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1/25/03 - SHARING SPACE EXPLORATION - 2003-01-27

The space shuttle Columbia took off on January 16th on a sixteen-day scientific research mission. Aboard are six American astronauts and the first Israeli astronaut, Air Force Colonel Ilan Ramon. The son of a Holocaust survivor, Colonel Ramon is one of dozens of astronauts who have joined American crews in the peaceful exploration of space. Astronauts from Russia, Canada, Mexico, France, Ukraine, Japan, Germany, Italy, and Saudi Arabia have already participated in U.S. space missions.

The first launch of the space shuttle took place in April 1981. The Columbia is one of four shuttle orbiters built by the U.S. It is named after the first American sailing ship to circumnavigate the globe over two-hundred years ago. This is the twenty-eighth flight of Columbia and the one hundred-thirteenth space shuttle mission.

The space shuttle crew will conduct more than eighty experiments in biology, medicine, physical science, and technology. They will work in cooperation with science students from Australia, China, Israel, Japan, and Liechtenstein, as well as the U.S. As a mission payload specialist, Colonel Ramon will use a camera to study the effect of dust and other contaminants in the earth's atmosphere on rainfall and temperature.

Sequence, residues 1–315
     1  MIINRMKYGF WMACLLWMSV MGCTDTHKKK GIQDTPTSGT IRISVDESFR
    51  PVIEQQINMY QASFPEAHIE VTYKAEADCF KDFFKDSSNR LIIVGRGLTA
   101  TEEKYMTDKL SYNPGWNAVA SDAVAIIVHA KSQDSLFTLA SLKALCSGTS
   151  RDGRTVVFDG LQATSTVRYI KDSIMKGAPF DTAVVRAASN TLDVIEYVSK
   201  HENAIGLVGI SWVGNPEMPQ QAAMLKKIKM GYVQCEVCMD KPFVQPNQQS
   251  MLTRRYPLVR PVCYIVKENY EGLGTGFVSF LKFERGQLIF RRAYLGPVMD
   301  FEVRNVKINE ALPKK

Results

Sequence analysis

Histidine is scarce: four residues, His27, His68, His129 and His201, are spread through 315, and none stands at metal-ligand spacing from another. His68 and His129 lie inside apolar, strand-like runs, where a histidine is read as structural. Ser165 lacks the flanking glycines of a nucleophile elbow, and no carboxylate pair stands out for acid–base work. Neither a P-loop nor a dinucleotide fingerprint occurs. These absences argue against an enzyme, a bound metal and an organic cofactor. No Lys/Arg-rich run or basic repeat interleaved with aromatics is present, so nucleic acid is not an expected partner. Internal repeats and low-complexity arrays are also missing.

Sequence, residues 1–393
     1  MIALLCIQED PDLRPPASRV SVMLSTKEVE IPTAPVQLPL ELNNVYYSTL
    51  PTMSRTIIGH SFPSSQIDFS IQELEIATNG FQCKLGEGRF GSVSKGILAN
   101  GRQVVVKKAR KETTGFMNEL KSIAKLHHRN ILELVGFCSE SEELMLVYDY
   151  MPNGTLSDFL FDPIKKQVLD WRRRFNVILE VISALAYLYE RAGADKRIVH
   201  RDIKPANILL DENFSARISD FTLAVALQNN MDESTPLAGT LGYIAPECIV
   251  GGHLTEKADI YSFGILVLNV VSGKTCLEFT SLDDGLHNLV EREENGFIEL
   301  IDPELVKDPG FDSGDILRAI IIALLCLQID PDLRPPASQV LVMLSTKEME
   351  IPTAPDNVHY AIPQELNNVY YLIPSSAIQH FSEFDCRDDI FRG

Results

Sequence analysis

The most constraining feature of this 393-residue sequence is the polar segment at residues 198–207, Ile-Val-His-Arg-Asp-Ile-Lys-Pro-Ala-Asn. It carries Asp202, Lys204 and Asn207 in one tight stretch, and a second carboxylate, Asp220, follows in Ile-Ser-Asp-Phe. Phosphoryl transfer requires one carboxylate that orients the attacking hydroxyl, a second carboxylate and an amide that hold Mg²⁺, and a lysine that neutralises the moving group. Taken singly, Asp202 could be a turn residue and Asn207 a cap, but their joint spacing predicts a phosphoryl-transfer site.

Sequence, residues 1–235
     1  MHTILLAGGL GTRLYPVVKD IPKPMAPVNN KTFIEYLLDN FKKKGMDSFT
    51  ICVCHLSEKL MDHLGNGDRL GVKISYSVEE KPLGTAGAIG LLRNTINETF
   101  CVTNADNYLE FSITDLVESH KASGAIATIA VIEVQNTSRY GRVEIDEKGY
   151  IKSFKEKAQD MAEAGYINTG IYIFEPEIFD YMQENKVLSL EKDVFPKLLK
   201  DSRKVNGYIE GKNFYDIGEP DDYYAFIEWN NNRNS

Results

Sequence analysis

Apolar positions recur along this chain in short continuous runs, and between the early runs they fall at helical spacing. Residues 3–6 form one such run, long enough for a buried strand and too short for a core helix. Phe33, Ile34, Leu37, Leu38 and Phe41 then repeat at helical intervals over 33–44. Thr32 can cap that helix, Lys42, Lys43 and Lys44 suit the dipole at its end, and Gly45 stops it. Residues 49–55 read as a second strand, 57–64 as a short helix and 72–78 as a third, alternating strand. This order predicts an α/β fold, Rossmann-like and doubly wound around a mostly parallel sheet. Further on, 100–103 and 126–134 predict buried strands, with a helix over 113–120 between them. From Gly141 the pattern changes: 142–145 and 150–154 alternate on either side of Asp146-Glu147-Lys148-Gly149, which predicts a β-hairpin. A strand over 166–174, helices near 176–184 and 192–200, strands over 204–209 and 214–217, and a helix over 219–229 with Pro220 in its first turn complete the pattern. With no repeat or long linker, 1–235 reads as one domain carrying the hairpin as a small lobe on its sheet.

The U.S. space program has many practical benefits for people everywhere. One space shuttle mission generated the most accurate topographical map of the earth. The data recorded enables engineers and scientists to develop safer navigation techniques and better communications systems.

Nowadays, it is possible to implant a miniaturized pump into critically-ill heart patients. This life-saving heart pump is based on technology used in space shuttle fuel pumps. People who cannot tolerate exposure to sunlight or bright indoor lighting can benefit from a special ultraviolet light protection suit developed from space technology. The same rocket fuel that helps launch the space shuttle is being used in flares to burn up landmines that threaten millions of people around the world.

The exploration of space is part of that fundamental need of man to understand the universe in which he lives. By sharing that exploration with astronauts of other nations, the U.S. also hopes to help men better understand each other.